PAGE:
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Harmon L.,Scott and White Memorial Hospital and Clinic | Boccalandro F.,Odessa Heart Institute | Boccalandro F.,Texas Tech University Health Sciences Center | Boccalandro F.,Permian Research Foundation
Journal of Clinical Ultrasound

Background: To evaluate the correlation and agreement of the carotid artery landmarks necessary for carotid artery stenting obtained by B-mode ultrasonography (BMU), and by quantitative angiography (QCA) in patients with severe carotid artery stenosis. Methods: In 75 patients undergoing carotid artery stenting, the distal common (CCA), proximal internal (ICA) carotid artery diameter, and lesion length were measured preoperatively by BMU, and intraoperatively by QCA. Results: In 96% of the subjects, BMU imaging was adequate for interpretation. BMU and QCA Pearson correlation and Lin concordance coefficients were 0.75 (p<0.001) and 0.959 (95% CI: 0.930 - 0.996), respectively, for CCA diameter, 0.88 (p<0.001) and 0.954 (95% CI: 0.928-0.983), respectively, for ICA diameter, and 0.62 (p<0.001) and 0.734 (95% CI: 0.719-0.760), respectively, for lesion length, with a 0.765 bias correction factor and a wider data scatter by Bland Altman plots showing shorter lesion length by BMU than by QCA. Conclusions: In patients with carotid artery stenosis, BMU can provide reliable distal CCA and proximal ICA diameters in comparison with QCA, whereas lesion length measured by BMU has an acceptable correlation, but a poor agreement with QCA. © 2014 Wiley Periodicals, Inc. Source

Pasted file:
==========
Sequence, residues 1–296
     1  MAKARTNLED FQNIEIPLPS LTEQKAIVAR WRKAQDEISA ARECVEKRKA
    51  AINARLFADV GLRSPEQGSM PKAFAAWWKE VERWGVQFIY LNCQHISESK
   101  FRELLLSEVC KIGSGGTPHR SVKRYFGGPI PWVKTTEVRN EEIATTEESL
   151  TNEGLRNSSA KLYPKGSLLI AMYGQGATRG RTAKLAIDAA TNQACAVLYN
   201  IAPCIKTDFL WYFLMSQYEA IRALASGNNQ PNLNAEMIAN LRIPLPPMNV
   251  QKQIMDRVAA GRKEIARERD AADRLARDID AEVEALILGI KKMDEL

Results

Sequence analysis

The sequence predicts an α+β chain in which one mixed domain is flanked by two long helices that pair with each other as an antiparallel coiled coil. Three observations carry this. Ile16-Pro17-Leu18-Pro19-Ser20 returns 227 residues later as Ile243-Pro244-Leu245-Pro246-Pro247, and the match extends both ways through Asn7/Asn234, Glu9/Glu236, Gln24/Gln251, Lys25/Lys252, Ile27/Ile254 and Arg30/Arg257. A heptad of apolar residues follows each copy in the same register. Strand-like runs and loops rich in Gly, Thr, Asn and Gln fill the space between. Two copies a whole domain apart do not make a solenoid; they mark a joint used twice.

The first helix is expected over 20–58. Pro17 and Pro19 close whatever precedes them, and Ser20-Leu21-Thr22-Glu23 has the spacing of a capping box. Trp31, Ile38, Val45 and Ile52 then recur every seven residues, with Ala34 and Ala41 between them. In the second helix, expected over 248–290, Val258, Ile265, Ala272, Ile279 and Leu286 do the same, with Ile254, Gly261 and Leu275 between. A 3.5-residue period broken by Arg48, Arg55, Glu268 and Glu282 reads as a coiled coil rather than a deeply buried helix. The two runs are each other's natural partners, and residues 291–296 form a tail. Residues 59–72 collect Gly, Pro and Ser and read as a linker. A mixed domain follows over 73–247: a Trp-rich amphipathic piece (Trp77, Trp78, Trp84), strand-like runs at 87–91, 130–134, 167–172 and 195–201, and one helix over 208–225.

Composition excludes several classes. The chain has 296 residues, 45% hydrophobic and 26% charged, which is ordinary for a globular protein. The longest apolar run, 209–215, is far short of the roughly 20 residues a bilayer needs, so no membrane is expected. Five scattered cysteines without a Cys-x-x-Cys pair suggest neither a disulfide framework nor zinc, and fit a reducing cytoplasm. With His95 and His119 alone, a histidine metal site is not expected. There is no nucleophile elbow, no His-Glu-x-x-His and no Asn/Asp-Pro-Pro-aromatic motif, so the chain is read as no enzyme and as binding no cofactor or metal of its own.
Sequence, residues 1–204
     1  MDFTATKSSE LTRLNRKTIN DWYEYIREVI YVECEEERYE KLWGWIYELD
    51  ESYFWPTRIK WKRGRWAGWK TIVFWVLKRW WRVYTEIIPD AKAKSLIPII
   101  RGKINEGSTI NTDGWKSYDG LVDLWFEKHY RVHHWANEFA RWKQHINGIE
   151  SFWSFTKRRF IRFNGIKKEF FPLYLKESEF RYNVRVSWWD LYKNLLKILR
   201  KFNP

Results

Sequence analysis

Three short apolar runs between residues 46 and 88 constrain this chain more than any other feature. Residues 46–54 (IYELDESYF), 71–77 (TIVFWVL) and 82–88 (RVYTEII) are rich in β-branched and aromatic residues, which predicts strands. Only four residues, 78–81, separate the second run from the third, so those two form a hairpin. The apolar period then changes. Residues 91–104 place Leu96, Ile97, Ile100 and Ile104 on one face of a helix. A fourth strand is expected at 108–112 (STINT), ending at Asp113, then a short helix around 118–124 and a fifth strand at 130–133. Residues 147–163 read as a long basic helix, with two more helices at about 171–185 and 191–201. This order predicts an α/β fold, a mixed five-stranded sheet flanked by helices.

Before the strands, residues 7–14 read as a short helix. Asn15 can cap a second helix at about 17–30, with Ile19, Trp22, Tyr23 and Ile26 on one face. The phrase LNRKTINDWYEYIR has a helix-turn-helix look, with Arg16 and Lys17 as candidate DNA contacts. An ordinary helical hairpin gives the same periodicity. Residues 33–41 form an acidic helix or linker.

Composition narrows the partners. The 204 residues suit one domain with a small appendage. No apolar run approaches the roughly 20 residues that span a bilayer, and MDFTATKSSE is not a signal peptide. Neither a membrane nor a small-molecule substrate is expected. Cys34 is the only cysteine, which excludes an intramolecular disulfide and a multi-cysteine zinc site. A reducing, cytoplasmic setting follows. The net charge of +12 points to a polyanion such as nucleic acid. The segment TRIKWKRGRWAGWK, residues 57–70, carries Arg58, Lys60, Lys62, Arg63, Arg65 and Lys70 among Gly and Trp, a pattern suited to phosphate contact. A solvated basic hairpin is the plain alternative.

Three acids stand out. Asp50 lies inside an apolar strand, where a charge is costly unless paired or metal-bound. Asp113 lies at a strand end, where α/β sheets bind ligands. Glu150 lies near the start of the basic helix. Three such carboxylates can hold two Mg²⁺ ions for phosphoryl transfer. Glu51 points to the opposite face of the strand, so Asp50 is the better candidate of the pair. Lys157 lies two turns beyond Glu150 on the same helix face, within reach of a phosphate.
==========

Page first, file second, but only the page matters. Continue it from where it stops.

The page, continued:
Hecht J.R.,University of California at Los Angeles | Farrell J.J.,University of California at Los Angeles | Senzer N.,Mary Crowley Medical Research Center | Nemunaitis J.,Mary Crowley Medical Research Center | And 14 more authors.
Gastrointestinal Endoscopy